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Ressources eau souterraines

Groundwater management

3 questions to...

Martin Gutton Director General of the Loire-Brittany Water Agency

Portrait et citation
Martin Gutton
A collaboration undertaken some 50 years ago on the subject of groundwater, and which is becoming increasingly important with climate change.
Introduction d'entête
Just like the other five agencies responsible for the French hydrographic basins, the Loire-Brittany Water Agency relies on BRGM’s scientific and technological expertise in groundwater. A review of exemplary historical cooperation.

Why do you refer to your collaboration with BRGM as historical?

M. G. — Because to a certain extent we have grown up together... The Loire-Brittany Water Agency is one of six agencies across the country whose purpose, since they were set up some fifty years ago, is to monitor water quality in river basins. They are administrative establishments set up by the 1964 Water Act to support communities, industries and farms in managing their drinking water and sanitation investments.
Our activities focus on monitoring and restoring quality through the national water policy, with an annual budget of 2.1 billion euros. Since BRGM was set up in Orléans-La Source in 1965, our cooperation has never ceased: all the agencies work with it and its regional network.

What kinds of projects do you carry out together?

M. G. — For the entire country, I could mention projects such as the information system for groundwater management (SIGES), or the regional thematic portals accessible to experts, schools and the general public alike, where just a few clicks take you to updated local and national hydrogeological data. Another example is the national network of piezometers, which provides data on the quantitative status of water tables, under authority delegated to BRGM by the Ministry of Ecology.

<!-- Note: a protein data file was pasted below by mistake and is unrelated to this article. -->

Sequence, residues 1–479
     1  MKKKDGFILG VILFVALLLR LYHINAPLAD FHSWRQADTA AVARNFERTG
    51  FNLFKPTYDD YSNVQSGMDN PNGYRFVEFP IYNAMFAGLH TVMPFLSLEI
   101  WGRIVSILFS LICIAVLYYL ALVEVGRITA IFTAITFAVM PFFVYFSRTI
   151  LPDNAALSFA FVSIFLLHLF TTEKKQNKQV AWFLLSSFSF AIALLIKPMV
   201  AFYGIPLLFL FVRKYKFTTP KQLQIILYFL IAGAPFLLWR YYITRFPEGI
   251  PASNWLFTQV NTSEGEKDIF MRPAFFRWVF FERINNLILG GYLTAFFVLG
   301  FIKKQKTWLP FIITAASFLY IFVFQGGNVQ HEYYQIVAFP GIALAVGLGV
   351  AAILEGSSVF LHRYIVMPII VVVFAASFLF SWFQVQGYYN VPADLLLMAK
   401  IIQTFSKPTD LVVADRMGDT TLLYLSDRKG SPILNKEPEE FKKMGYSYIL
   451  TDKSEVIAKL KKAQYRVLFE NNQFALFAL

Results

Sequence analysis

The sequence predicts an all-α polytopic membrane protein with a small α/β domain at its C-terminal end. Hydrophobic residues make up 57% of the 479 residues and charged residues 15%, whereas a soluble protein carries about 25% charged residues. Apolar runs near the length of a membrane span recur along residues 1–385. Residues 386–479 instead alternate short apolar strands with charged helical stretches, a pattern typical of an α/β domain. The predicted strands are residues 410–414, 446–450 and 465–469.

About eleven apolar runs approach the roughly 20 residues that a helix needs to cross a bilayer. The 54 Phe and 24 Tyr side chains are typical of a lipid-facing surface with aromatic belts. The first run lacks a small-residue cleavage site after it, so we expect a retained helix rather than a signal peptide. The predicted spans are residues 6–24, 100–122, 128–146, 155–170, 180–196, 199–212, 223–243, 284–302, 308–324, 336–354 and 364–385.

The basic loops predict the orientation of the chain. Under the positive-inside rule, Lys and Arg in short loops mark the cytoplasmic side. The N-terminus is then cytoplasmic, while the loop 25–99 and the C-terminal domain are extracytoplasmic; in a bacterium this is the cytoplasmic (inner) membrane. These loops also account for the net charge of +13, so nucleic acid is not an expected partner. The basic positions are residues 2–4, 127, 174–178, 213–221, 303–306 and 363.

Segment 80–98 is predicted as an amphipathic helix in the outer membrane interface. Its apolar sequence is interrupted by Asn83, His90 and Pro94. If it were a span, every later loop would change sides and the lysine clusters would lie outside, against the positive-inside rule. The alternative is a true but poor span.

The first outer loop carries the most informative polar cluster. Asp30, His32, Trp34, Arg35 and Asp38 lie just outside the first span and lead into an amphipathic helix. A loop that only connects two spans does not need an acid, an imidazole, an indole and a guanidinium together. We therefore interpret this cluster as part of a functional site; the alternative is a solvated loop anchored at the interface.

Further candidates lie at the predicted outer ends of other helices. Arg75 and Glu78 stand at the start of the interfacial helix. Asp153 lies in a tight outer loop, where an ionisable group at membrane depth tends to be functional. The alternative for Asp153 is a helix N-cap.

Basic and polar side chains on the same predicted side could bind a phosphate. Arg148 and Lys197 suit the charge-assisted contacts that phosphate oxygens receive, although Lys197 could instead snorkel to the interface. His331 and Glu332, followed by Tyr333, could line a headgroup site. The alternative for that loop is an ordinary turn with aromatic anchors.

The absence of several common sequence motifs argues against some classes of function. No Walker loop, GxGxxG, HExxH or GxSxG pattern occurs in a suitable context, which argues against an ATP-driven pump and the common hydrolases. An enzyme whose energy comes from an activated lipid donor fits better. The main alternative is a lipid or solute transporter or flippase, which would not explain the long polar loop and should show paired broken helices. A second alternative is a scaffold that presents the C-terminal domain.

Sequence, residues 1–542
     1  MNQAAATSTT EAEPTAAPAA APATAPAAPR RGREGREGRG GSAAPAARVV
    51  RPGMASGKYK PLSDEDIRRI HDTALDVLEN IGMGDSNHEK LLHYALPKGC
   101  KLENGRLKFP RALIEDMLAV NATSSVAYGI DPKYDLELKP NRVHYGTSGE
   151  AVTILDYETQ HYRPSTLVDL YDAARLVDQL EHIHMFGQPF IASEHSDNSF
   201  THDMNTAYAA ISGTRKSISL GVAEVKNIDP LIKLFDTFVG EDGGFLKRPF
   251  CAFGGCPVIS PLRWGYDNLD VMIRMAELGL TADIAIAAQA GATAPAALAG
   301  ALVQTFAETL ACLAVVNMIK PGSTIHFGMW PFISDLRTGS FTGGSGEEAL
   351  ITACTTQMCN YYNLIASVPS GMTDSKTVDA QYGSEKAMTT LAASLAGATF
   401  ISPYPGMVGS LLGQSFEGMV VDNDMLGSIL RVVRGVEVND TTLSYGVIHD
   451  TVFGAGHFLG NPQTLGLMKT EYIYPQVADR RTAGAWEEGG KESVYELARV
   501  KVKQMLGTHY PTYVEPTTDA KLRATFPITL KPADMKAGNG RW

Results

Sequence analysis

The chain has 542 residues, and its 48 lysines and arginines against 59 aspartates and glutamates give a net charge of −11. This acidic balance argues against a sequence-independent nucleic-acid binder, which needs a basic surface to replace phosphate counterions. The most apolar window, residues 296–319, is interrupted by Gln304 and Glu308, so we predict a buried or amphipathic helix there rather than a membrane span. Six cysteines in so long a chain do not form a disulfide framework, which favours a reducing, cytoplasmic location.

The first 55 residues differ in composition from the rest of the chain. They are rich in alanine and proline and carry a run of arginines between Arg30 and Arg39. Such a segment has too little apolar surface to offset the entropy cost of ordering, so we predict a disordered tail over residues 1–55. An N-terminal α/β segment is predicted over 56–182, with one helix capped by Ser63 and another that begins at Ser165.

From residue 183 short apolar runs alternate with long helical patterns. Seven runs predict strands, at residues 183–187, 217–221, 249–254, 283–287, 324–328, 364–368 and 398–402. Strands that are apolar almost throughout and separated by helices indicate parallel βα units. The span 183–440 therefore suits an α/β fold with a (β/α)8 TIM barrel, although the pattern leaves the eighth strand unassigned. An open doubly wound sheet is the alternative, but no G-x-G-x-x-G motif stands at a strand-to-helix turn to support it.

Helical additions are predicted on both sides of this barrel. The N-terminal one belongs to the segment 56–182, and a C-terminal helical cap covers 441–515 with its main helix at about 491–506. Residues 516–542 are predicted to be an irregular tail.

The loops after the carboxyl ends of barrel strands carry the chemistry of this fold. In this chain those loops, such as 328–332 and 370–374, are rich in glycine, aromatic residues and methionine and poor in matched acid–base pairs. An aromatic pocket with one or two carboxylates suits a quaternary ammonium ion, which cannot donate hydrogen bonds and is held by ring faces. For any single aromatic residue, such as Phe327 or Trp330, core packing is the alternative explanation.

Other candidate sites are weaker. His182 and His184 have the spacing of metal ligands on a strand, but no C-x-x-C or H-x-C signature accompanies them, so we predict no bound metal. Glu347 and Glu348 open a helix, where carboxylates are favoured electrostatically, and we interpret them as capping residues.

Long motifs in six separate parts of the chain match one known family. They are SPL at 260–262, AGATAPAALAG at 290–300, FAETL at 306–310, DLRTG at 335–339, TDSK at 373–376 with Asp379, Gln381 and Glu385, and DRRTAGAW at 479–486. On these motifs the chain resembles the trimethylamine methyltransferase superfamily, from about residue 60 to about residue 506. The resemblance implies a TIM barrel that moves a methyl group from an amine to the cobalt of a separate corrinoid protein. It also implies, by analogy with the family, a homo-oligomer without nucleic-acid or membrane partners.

As for the Loire-Brittany region, the POLDIF project is working on management tools for improving the quality of groundwater affected by pollutants such as nitrates or plant protection products (see p. 20). There is also the ICARE project, which is helping improve our understanding of aquifers by studying the water found in ancient massifs, in this case the Armorican Massif. The aim is to identify the main unexploited Tertiary basins in order to quantify their aquifer potential. This is a typical example of cooperation between a water agency and a scientific organisation such as BRGM.

To sum up...

M. G. — I think it’s fair to say that we can’t do without BRGM... This collaboration is becoming increasingly important with the acceleration of climate change and the disruption it brings. A new type of partnership is being set up through a renewed public-public cooperation framework, for the many projects already planned.